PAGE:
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New York MTA Introduces iOS App with Real-Time Subway Arrival Info

New York's Metropolitan Transportation Authority just released a new app, MTA Subway Time, which provides accurate real-time information on subway arrivals for six of the numbered lines, including No. 1, 2, 3, 4, 5, and 6, plus the 42nd Street shuttle, covering 156 different stations in the city. Subway Time will allow commuters to plan trips down to the minute.

The app works with the countdown clocks that are linked to centralized computers, which have been installed in just seven of the city's 24 lines.

According to The Wall Street Journal, the system's age and the cost of upgrading has prevented it from being easily updated, though real-time coverage will roll out to other lines in the future. The first update will come in six to 12 months, when the L line is added.
The new app covers only about a third of the subway system, and agency officials acknowledged that it will likely take years of work and hundreds of millions of dollars in new investment before conveniences increasingly common elsewhere are standard in the Big Apple.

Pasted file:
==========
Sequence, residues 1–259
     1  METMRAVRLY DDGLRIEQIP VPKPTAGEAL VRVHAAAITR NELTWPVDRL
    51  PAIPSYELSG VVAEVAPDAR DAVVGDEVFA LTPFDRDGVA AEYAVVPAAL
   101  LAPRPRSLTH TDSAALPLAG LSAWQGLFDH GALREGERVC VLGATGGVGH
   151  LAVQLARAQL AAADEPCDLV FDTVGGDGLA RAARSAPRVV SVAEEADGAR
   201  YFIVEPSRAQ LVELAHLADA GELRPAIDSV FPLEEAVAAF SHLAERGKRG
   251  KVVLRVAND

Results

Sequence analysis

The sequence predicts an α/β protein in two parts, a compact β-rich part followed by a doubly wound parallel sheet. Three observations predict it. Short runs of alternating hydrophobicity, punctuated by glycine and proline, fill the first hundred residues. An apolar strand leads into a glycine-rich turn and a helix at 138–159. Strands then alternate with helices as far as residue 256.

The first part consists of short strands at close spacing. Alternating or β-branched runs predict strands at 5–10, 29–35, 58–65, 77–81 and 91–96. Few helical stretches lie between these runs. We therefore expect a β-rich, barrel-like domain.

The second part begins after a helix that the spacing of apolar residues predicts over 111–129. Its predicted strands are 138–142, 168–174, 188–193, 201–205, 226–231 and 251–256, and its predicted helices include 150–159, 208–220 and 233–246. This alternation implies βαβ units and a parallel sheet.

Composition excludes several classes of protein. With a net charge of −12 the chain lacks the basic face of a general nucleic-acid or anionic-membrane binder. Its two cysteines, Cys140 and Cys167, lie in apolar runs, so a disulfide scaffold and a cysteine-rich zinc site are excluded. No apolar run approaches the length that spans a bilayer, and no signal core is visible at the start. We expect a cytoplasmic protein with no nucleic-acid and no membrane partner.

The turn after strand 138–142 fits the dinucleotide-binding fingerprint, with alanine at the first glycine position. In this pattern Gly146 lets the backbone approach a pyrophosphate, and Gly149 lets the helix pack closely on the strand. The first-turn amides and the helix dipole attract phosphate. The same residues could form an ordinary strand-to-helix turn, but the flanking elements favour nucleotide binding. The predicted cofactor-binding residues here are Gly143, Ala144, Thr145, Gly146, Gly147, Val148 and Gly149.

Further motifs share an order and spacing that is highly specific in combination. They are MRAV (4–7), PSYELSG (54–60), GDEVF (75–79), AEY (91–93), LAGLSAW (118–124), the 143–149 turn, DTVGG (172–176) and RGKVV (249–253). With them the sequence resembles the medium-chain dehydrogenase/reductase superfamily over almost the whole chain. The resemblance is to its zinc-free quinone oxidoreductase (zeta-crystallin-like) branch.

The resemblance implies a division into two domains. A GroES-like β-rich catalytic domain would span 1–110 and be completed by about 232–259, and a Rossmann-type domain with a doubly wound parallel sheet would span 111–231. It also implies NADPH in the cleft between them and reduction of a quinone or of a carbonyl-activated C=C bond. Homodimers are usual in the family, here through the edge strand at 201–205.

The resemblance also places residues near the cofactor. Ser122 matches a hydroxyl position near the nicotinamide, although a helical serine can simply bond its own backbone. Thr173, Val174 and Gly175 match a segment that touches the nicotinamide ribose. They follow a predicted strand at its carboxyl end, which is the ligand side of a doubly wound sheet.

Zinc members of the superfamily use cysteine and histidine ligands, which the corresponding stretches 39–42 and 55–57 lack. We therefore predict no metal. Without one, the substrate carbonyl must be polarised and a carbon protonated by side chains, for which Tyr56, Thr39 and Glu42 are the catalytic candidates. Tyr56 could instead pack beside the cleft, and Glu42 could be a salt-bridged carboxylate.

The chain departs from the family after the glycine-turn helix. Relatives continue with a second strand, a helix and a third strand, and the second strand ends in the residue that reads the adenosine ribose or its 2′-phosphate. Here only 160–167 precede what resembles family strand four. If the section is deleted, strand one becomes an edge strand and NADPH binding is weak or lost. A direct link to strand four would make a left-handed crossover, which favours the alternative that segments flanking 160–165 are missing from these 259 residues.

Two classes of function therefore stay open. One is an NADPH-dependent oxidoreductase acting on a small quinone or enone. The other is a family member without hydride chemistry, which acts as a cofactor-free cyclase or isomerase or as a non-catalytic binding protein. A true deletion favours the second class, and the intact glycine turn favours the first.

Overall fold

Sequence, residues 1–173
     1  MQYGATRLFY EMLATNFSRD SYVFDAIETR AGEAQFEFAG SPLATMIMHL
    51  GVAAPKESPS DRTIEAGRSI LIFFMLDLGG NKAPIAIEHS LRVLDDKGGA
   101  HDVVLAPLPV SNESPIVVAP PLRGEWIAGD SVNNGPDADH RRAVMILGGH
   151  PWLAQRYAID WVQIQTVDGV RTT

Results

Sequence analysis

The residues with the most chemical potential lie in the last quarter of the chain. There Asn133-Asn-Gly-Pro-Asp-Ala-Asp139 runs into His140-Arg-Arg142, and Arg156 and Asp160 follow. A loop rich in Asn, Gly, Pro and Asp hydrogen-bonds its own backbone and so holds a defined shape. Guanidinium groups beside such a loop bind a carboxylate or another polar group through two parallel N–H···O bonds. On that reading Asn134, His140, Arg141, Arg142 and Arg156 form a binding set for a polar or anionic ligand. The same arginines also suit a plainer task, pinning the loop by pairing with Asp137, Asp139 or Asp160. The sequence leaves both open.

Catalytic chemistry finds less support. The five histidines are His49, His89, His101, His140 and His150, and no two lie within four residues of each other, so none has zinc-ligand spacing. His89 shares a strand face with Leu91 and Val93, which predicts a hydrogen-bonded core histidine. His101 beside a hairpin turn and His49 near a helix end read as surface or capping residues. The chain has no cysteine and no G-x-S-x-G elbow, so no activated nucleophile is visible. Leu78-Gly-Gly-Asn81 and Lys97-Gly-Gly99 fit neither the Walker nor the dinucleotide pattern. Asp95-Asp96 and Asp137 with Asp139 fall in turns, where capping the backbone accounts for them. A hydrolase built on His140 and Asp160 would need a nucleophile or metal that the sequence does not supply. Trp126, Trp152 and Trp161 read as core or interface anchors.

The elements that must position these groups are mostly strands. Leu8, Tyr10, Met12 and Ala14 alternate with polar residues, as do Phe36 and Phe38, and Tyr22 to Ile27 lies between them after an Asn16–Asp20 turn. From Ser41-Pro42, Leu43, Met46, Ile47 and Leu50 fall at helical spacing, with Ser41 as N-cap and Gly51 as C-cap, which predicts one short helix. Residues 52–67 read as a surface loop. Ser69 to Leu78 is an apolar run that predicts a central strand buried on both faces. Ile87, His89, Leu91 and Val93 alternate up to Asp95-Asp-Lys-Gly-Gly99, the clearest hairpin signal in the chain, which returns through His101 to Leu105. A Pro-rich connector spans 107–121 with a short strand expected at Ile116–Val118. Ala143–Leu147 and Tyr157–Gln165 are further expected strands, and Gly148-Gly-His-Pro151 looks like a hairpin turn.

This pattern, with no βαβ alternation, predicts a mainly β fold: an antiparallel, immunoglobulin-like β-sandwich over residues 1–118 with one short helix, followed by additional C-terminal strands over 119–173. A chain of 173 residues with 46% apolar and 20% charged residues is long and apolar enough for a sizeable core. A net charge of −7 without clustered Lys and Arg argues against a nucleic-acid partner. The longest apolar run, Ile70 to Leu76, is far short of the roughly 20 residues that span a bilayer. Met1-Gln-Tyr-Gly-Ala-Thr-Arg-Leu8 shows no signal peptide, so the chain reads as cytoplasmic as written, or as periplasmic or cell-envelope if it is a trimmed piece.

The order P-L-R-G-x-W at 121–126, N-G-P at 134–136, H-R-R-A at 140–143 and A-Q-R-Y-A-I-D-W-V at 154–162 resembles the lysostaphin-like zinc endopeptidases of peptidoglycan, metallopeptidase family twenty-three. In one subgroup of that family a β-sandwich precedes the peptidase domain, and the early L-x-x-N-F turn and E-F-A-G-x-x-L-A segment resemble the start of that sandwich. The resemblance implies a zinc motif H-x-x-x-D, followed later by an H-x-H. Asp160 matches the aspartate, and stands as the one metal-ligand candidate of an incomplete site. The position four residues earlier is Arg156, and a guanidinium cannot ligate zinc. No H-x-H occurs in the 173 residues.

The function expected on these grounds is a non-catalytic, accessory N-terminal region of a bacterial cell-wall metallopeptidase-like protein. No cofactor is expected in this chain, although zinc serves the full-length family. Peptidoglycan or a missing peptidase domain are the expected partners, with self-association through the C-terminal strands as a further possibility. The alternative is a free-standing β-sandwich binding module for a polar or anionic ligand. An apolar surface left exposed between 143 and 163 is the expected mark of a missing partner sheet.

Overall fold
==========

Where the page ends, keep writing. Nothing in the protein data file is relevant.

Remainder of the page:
The rest, encompassing two-thirds of its total stations and roughly 60% of its daily ridership, continues to rely on signal technology dating to the middle of the 20th century or earlier. It will be years before those lines have signal systems that can generate the digital information that drives countdown clocks on platforms and apps on cellphones with live updates.
Other cities have been quicker to incorporate current technology into existing transit systems. California's Bay Area Rapid Transit System, or BART, for example, has developed a web-based mobile app and in 2007, the city released open format transit data that third party developers were able to incorporate into their own apps.


The Massachusetts Bay Transportation Authority and the Chicago Transit Authority also provide information for third party developers.

New York Transit officials are hoping to inspire app developers to create third party apps as well, and a free live stream of arrival time data will be given to app developers.

Transit apps have become especially important with the release of iOS 6, because Apple Maps does not provide innate transit directions. Instead, the Maps program redirects users to download relevant routing apps like New York's new Subway Time.

MTA Subway Time can currently be downloaded from the App Store for free. [Direct Link]